Photo of the Week


Left to right: Eiffel Tower, Louvre Pyramid, Arc de Triomphe du Carrousel and Ferris Wheel. © Paris Update


Paris Update This Week’s Events

For full details about an event, click on the title to visit the official Web site (in English when available).

Drawing through the ages

"Apples" (1944), by Henri Matisse. Eric Coatalem Gallery.

> Salon du Dessin: 39 galleries showing works on paper, from Old Masters to contemporary. Palais Brogniart, Paris, March 22-27.

Contemporary drawing fair
> Drawing Now: 73 galleries, Carreau du Temple, Paris, March 23-26.

More contemporary drawings
>Ddessin: 20 galleries. Atelier Richelieu, Paris, March 24-26.

Art and design fair
> PAD (Paris Art + Design),
67 galleries, Tuileries Garden, Paris, March 22-26.

African culture festival
> The 100% Afriques festival showcases dance, theater, music, fashion, design, art, food and more from all over the continent. La Villette, Paris, March 23-May 28.

French film with English subtitles
> Lost in Frenchlation shows Audrey Dana's Si j'Étais un Homme, preceded by a themed cocktail party (€4.50). Studio 28, Paris, Feb. 24.

Documentary film festival
> Cinéma du Réel showcases documentaries from around the world. Various venues, Paris, March 24-April 2.

Suburban blues
> The Banlieues Bleues festival brings major French and international jazz acts to the Paris suburbs. Various venues, through March 31.

Before and after ecological disaster
> The Chic Planète festival presents two types of films, those celebrating the bounty of the earth and science-fiction views of what will happen after an ecopalypse. Forum des Images, Paris, through April 13.




Hot Topics - C'est ironique !


Gained in Translation: Bilingual Fun and Games

The Language Barrier, and
How to Make it Worse


You can pick your friends, and you can pick at your relatives, but sometimes it’s hard to pick your tongue.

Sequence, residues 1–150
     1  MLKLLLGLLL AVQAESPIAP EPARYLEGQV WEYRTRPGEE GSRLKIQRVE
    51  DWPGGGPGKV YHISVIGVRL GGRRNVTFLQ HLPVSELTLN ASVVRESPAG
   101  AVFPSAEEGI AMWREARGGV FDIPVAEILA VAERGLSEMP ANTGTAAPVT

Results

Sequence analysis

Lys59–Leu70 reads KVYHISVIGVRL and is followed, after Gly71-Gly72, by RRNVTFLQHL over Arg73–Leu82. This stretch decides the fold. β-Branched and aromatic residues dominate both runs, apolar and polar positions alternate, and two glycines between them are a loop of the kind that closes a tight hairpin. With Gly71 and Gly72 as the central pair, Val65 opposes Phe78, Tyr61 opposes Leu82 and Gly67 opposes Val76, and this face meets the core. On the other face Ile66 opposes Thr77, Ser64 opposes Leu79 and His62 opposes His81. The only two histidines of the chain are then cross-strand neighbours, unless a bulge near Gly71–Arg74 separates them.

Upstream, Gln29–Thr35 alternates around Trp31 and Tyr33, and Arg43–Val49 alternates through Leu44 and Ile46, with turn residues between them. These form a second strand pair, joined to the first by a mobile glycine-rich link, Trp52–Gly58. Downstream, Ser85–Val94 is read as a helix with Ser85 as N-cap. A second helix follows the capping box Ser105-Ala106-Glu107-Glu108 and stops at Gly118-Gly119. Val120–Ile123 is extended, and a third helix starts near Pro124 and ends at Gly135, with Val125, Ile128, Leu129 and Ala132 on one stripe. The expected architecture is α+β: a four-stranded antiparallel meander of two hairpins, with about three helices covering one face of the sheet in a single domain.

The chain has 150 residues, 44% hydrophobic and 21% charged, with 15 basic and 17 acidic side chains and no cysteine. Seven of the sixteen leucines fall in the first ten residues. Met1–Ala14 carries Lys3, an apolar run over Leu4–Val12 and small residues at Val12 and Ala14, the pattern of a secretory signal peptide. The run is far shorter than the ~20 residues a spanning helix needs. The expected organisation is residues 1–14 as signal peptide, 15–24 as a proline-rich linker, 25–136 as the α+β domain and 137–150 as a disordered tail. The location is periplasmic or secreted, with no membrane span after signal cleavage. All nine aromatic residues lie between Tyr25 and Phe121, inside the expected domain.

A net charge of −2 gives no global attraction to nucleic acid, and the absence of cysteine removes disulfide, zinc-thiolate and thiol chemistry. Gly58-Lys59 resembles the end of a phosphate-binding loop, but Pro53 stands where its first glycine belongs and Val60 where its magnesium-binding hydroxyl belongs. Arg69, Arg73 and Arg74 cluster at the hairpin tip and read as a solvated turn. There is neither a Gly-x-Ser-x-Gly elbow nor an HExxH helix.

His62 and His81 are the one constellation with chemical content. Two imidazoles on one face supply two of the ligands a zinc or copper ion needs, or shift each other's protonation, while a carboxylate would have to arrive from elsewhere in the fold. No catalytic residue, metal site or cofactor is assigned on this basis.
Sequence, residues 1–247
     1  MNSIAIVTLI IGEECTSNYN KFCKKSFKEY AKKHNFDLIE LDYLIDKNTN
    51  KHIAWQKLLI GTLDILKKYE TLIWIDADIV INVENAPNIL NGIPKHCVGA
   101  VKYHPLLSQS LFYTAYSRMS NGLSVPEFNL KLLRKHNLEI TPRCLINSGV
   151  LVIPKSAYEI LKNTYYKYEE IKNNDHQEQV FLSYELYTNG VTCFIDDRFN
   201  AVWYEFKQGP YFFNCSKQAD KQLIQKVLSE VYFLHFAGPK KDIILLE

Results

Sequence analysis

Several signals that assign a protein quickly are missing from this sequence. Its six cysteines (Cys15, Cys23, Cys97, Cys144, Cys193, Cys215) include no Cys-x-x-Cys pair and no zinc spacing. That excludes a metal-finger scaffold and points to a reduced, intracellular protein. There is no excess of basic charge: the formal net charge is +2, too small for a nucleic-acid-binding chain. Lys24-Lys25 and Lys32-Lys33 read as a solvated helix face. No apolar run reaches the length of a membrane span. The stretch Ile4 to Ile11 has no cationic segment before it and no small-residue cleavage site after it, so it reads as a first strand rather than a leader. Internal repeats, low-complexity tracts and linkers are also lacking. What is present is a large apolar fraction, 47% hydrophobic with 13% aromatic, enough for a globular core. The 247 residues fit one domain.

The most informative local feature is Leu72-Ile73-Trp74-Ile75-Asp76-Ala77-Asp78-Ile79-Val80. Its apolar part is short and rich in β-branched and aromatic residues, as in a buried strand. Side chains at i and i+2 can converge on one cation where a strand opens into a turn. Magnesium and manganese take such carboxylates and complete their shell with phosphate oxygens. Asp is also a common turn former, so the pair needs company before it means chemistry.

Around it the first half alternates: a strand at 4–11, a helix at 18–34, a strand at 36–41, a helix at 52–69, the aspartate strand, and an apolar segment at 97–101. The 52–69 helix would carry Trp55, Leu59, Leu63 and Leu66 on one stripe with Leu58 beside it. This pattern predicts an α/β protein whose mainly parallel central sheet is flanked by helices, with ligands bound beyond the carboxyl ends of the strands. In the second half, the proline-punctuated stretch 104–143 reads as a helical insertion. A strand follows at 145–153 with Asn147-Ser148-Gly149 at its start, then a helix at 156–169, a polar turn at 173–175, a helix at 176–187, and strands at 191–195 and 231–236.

One of the great things about learning a foreign language is that it gets you into all kinds of messes. Specifically, I’m thinking about the muddles, mix-ups and snafus that arise when two bilingual people aren’t sure which of the two languages they should be speaking.

I often find myself in these situations. And since I consider them to be a source of diversion and recreation, I have decided to classify them as games.

In this article, I will present the rules for the most widely played ones. Of course, they could involve any two languages in any country, but since I prefer to make everything about me, the following explanations are based on the premise of a bilingual Anglophone living in France:

1) Accent Chicken

Usually for two players, although any number can participate. All players must be Anglophones.

The rules:

The game begins when the contestants meet for the first time, not knowing anything about each other’s backgrounds. They start speaking in French because, hey, they’re in France.

After a few sentences back and forth, they recognize each other’s accents but keep speaking French. The first one to give in and switch to English loses. Or wins. I’m not sure which, but there’s usually a reluctance to do this.

The reluctance stems from the difficulty of playing the game. In Accent Chicken, the players are simultaneously maintaining both an audible verbal dialogue and a silent mental monologue that, for both of them, goes something like this:

“Hey — this guy’s not French... Sounds like an American... Or maybe Australian... Will I look like an idiot if I switch to English? ... Will I look like an idiot if I don’t? ... Whoa! Who does he think he’s kidding with that accent? ... He must notice mine, so why doesn’t he switch to English? ... Oh man, that’s not an accent, that’s an unknown dialect! ... Call an anthropologist... Not sure how much longer I can take this... But what if he turns out to be Danish?”

Eventually, as in staredowns, presidential elections and bladder-holding contests, somebody has to give in. Otherwise it’s not Accent Chicken, it’s just Pig-Tonguedness.

Speaking of which...

2) Tongue Tug of War

For two players, one Francophone vs. one Anglophone. Both must be bilingual — one in reality, the other in his dreams.

The rules:

The Francophone, recognizing the Anglophone’s accent, switches to English. The Anglophone, recognizing that the Francophone’s English stinks like a Camembert’s armpit, sticks to French.

No one wins. But both players keep careful score, tallying up the other’s mistakes in their native tongue. Then, as in nuclear standoffs, presidential debates and air-guitar contests, both sides claim victory.